Set up an appointment for the following week, when you will hear what they have noticed and done about the situation.

    DOn’t accept “muzukashii desu ne” answers, or the sucking of teeth, or pro forma apologies. Demand, and get, action. Don’T accept “the school year will be over soon, so…” Don’t accept “we can move your child to another class, so…”. It is the bullies who should be moved, not the victim.

    This stuff really bugs me. It happened to my son in first grade of ES. I told his teacher that any repeat would result in my son kicking the shit out of anyone who bugged him. The teacher was aghast, but I said it was “the gaijin way to deal with bullies”. Well, one of the class idiots tripped my son in class a week later, just for fun. So, just for fun (with my permission and a bit of training), my son bloodied his nose and made him cry. The teacher was freaked out, but I had warned her.

    Irony is, the two boys later bacame quite close friends. Seems boys need to know their “place” in the pack, like wolves or dogs…

    APologies for the long response, but demand action NOW, before it gets worse and gets permanent.

    Reply

  4. chrysanthemummum
    Feb 22, 2013 @ 19:31:57

    Good advice from ds above. I hope you get things sorted quickly.

    Reply

  5. gaijinwife
    Feb 22, 2013 @ 20:06:55

    ds is good. will need to bookmark page for future reference if needed. good luck.

    Reply

  6. Kym
    Feb 23, 2013 @ 08:56:20

    :( You got some good advice – I think I would want to know from the teachers why you heard it from the other parent rather than them. And is Sparkling Mum’s kid a perpetrator? If so, what’s she said to her kid about it? I do admire Sparkly Mum though, must be a horrible thing to tell someone, as well as to hear.
    And I think you have been watching your boy very carefully, you seemed to have an inkling of this before. It was the teacher saying it was “normal” stuff. Now you’ve got another mum at the school to back you up – do you think she would put it in writing for you? Hope to hear about how you get on at the school. All the best!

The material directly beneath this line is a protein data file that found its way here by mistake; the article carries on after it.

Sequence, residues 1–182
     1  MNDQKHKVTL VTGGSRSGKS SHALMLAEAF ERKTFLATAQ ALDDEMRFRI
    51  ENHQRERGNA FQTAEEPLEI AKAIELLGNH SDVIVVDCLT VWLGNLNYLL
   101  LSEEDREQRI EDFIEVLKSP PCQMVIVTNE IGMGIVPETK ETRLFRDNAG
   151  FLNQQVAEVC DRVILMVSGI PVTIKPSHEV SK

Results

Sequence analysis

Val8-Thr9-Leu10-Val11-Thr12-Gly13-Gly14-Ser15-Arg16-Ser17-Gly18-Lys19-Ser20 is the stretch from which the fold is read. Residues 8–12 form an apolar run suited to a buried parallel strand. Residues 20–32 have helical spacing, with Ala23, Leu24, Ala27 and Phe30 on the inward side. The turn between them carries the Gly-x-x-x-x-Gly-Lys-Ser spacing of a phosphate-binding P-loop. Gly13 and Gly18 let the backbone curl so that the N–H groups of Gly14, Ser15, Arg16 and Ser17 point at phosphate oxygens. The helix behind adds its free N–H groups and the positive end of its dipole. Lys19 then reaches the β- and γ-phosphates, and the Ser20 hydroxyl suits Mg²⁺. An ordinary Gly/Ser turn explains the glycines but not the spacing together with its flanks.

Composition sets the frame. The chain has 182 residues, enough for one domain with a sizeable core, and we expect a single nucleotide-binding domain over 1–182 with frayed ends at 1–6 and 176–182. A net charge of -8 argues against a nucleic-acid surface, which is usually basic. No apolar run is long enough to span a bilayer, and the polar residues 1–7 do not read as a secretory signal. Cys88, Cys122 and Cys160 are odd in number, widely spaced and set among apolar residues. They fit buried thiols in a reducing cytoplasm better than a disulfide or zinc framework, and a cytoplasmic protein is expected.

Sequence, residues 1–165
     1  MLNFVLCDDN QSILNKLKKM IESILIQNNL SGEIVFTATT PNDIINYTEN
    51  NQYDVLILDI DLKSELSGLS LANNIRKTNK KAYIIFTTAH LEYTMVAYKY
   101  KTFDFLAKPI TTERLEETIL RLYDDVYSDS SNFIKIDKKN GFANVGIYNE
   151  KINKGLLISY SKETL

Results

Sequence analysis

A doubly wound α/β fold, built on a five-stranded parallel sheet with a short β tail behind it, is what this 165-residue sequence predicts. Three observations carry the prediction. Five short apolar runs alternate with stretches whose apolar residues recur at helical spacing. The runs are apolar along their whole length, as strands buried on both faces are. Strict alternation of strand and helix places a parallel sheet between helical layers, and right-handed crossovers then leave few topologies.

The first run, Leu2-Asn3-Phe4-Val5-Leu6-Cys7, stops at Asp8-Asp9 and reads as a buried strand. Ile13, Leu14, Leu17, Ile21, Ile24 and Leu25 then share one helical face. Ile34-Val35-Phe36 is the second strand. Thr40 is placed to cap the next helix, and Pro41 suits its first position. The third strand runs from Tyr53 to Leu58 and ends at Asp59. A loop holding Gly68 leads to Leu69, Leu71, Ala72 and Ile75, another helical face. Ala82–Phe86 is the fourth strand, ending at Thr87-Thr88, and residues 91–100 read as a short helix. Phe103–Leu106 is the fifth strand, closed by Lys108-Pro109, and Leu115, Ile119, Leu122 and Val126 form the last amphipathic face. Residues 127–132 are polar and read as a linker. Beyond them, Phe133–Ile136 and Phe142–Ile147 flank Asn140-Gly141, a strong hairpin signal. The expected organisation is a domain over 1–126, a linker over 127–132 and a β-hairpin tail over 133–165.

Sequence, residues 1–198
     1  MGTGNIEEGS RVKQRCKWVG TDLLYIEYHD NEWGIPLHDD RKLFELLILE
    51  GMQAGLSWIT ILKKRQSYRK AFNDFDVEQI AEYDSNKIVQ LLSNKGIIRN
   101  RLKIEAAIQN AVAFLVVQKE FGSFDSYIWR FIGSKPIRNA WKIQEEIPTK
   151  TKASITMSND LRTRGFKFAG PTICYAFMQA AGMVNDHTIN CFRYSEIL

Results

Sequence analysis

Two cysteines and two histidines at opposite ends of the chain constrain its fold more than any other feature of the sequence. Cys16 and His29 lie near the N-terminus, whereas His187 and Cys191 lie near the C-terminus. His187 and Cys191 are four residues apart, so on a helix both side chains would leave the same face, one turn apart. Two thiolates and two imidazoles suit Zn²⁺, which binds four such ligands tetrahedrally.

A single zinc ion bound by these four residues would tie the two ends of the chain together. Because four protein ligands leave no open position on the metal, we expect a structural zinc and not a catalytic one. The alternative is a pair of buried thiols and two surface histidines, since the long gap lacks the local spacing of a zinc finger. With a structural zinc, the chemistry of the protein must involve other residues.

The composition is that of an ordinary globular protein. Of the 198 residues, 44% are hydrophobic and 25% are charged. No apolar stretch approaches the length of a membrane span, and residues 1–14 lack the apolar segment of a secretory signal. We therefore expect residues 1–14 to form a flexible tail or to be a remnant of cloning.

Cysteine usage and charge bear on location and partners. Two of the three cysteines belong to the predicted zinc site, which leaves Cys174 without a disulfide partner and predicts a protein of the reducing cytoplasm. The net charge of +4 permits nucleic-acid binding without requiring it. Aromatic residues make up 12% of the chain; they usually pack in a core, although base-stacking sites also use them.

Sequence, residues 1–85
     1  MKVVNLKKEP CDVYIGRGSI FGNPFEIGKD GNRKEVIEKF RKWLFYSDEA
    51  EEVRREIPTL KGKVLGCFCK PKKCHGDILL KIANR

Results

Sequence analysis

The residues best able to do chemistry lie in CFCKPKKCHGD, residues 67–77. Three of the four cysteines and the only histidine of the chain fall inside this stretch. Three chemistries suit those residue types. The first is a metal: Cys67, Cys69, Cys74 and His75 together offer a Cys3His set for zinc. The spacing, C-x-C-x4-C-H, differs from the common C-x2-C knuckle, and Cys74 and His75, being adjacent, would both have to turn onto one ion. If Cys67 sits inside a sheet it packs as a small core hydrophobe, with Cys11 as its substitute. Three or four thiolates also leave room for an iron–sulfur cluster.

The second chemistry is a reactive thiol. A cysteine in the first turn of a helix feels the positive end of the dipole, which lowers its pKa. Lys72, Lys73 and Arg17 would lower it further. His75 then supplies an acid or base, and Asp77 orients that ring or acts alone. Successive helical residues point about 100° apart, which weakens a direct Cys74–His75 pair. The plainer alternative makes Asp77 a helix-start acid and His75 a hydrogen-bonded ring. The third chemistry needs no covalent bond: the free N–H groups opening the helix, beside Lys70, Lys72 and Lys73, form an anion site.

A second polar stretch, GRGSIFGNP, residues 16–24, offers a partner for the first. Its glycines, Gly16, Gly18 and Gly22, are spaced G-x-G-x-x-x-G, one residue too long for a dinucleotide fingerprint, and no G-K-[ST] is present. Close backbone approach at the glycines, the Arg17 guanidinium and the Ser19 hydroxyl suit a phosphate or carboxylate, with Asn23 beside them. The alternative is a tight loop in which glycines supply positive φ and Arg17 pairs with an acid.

Reply

  7. Fichan
    Feb 23, 2013 @ 12:10:22

    I know you’re probably feeling terrible now but kids are very very good at hiding stuff and you can’t blame yourself. You’ve always been there for him and it was his decision not to tell you. There is a pack mentality issue and your sons pride, boys feel they have to deal with everything themselves.
    DS ‘s advice is great. Get prepared. Go in with information and record everything. They won’t sort it out on the spot so be sure to schedule another meeting. I grew up with three younger brothers and the eldest bore the brunt of the bullying. Most of it from teachers. My Mum never hesittated, she’d go straight down to the school to sort it. She’d have to drag him down at times to apologise and other times she was wavying the finger at teachers for overstepping their boundaries. The brother never knew the half of it but it’s the only way.The thing is to be heard and be in their faces. You’re more liekly to get action that way.
    My heart goes out to Me First and I’m sure it’s a big burden for him too. Maybe you could try and schedule some time alone with just the two of you. Go out for a meal or something. Try and get him talking. It might take time, he has a lot of pride to work through but he is probably subconsciuosly looking for someone to talk to.
    Kudos to Sparkly Mum, I’d probably hate her myself for it but it wasn’t an easy task to do.
    Go easy on yourself..

    Reply

  8. hamakkomommy
    Feb 24, 2013 @ 22:13:26

    Thanks for the kind words and advice, everyone. I guess I’ve had a gut feeling that things weren’t quite right at school, but I’ve let others convince me that I was worrying about nothing.

    HRH is concerned, but not enough to do anything himself. I’m not a very assertive person (you don’t say!) but I guess it’s time to start being one.

    Reply